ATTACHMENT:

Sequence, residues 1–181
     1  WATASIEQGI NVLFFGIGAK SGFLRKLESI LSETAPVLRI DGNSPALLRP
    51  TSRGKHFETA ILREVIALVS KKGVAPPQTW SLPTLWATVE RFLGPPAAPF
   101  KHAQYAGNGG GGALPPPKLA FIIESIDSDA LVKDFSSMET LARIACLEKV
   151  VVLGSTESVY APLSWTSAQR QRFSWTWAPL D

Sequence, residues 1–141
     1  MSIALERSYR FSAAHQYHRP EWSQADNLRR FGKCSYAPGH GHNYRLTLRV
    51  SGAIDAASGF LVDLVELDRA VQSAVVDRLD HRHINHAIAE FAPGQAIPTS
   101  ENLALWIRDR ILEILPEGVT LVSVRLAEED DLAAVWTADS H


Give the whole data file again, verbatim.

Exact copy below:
Sequence, residues 1–181
     1  WATASIEQGI NVLFFGIGAK SGFLRKLESI LSETAPVLRI DGNSPALLRP
    51  TSRGKHFETA ILREVIALVS KKGVAPPQTW SLPTLWATVE RFLGPPAAPF
   101  KHAQYAGNGG GGALPPPKLA FIIESIDSDA LVKDFSSMET LARIACLEKV
   151  VVLGSTESVY APLSWTSAQR QRFSWTWAPL D

Sequence, residues 1–141
     1  MSIALERSYR FSAAHQYHRP EWSQADNLRR FGKCSYAPGH GHNYRLTLRV
    51  SGAIDAASGF LVDLVELDRA VQSAVVDRLD HRHINHAIAE FAPGQAIPTS
   101  ENLALWIRDR ILEILPEGVT LVSVRLAEED DLAAVWTADS H